Having a good understanding of the containerized cloud platform is crucial in designing a comprehensive monitoring solution for it. Thus, the first thing we want to introduce in this section is a brief analysis of the containerized OpenStack. The containerized OpenStack as shown in Fig. 1 consists of two main functional groups. The first group is Deployment Master or server that is in charge of orchestrating the container deployment for OpenStack services using Ansible automation tool. In addition, a Docker Registry is optionally placed within the deployment master to provide the container images for Ansible tasks. Otherwise, Kolla has to use an external container repository. The second functional group of OpenStack Kolla is the deployment hosts where it could be only one host or multiple hosts depending on the size of the desired cloud system. On each host, there is a Docker engine that is used to manipulate the dockerized services. Hence, two different monitoring targets can be identified which are the Deployment Master or Hosts, and the containerized OpenStack services inside each host.
Based on the architecture of Kolla, an end-to-end monitoring solution is designed. The proposed system comprises two components. The first and foremost is the server side which is also split into elements. Those are the monitoring server where monitored data is scraped from the agents and stored in the time-based format, the alert manager that manages all the alerting tasks when a predefined event occurs (e.g. send alarm email to administrator when a target is down), and finally, monitored data stored in the server can be queried and visualized by the front-end. The next component is the client side or the monitoring agents which plays a very important role in the system as discussed in the previous section of this paper. 
Additionally, there are two types of agents need to be deployed in this proposed system because two different monitoring targets are presented. They are the Deployment Master or Hosts which are operating systems (OS), and the containerized OpenStack services which are special packages that contain the library dependencies, the binaries, and a basic configuration needed. The agents will expose a specific set of metrics from the environment in which they are installed. The agent deployed in the Deployment Master or Hosts are normal applications that can scrape information such as CPU, Memory usage, Disk I/O directly from the underlying OS. On the other hand, the client software that monitors containers, i.e. the cAgent, need to have a capability to communicate with the cgroups virtual file system where Docker containers performance statistics are stored via the Docker engine [8]. The later agent type can be realized using cAdvisor, a special tool designed to monitor containers. It can be installed natively in the host or inside a container.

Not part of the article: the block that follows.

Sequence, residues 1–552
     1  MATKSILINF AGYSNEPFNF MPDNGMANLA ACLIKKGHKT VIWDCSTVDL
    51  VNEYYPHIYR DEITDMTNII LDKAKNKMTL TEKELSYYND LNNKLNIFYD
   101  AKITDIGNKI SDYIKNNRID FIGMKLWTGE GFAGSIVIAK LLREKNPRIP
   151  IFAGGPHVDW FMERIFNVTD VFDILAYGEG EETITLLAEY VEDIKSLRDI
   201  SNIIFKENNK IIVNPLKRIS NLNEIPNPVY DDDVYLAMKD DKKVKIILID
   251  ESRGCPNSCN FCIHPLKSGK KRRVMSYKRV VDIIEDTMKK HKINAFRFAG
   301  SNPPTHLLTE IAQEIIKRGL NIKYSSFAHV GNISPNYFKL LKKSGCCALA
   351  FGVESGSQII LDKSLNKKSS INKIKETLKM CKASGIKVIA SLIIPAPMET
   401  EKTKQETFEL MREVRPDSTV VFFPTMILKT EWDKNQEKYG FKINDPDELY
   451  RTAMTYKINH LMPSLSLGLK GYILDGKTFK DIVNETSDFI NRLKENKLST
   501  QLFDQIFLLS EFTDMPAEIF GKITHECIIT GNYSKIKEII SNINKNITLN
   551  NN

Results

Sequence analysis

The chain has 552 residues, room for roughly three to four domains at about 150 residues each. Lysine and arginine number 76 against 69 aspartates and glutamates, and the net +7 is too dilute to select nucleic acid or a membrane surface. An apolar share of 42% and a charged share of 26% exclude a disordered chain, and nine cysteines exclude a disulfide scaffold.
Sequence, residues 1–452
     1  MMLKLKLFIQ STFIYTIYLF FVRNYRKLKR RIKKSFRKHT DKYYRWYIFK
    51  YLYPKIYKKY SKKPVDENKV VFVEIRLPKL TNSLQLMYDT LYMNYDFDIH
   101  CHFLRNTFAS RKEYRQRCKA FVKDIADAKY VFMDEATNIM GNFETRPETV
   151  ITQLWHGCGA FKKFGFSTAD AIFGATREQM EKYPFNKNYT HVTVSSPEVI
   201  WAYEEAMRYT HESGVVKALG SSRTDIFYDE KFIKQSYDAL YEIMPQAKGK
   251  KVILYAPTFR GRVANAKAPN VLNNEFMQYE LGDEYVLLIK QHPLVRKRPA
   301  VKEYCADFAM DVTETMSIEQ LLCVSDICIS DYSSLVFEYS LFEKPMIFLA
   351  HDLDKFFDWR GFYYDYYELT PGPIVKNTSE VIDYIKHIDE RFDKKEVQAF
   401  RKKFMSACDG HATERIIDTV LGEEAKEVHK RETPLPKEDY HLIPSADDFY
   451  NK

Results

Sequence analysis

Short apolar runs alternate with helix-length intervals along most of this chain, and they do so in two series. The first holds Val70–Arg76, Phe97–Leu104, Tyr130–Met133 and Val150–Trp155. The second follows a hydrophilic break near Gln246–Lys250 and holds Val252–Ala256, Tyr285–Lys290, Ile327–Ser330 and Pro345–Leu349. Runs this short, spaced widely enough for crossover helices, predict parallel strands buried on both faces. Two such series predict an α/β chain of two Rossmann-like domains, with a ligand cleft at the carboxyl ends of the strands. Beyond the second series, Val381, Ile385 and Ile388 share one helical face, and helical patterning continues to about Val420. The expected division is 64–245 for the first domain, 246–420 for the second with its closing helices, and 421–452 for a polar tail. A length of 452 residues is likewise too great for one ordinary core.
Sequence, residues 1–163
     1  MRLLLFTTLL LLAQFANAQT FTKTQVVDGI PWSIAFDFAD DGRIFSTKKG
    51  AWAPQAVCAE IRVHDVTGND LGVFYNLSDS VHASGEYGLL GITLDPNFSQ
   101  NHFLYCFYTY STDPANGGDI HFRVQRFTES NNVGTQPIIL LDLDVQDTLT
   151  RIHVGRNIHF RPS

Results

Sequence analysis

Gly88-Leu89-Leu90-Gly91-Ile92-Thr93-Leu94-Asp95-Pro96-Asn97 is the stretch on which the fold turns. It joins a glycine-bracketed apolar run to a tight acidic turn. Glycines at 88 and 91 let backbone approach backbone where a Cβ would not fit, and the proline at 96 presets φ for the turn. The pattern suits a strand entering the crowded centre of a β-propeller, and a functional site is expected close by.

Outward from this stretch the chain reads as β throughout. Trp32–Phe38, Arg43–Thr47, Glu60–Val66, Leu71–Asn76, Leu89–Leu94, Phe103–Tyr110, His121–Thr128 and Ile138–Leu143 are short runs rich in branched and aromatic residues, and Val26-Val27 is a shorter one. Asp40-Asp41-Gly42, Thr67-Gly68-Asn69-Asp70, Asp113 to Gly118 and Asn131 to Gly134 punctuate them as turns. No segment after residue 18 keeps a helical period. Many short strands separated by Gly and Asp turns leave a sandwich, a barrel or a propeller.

Figure 2: The Proposed Monitoring System Architecture.
By being flexible on the agent software, the proposed monitoring system opens an opportunity for many different useful metrics of the targets to be collected and processed. However, that method creates a problem with complex communication between the client and monitoring server which traditionally requires lots of development effort. Therefore, a unified communication protocol of monitoring server and its agents is required. In this architect system, monitoring clients expose metric data of the targets to the server via a TCP/IP channel that is a port and the address of those targets. Hence, Prometheus, a monitoring software, which supports that kind of client-server communication is leveraged.
As shown in Fig. 2, the proposed architecture can monitor the Deployment Master where all the autonomous deployment tasks are controlled in harmony with the Continuous Integration and Continuous Development (CI/CD) and the Deployment Hosts in which the containerized OpenStack services are deployed as well as the containers themselves. Those capabilities of the designed system create an agile end-to-end monitoring solution for the container-based cloud platform.

With the advanced features of container technology, OpenStack deployment and operation become increasingly flexible and painless. However, the containerized architecture of the cloud while eliminates some existing problems such as dependencies, resource consumption etc. creates new challenges in failure management and reliability assurance. Tackling those issues, the proposed monitoring mechanism through careful consideration and experiment has proved to be feasible and practical to provide an end-to-end monitoring solution for the container-based OpenStack. Nevertheless, there is one drawback of this designed system is that deploying monitoring agents process is still manual and quite laborious. Therefore, future work will consider a deployment model for the agents that are automatic and scalable to adapt to the increasingly complex structure of the cloud.


References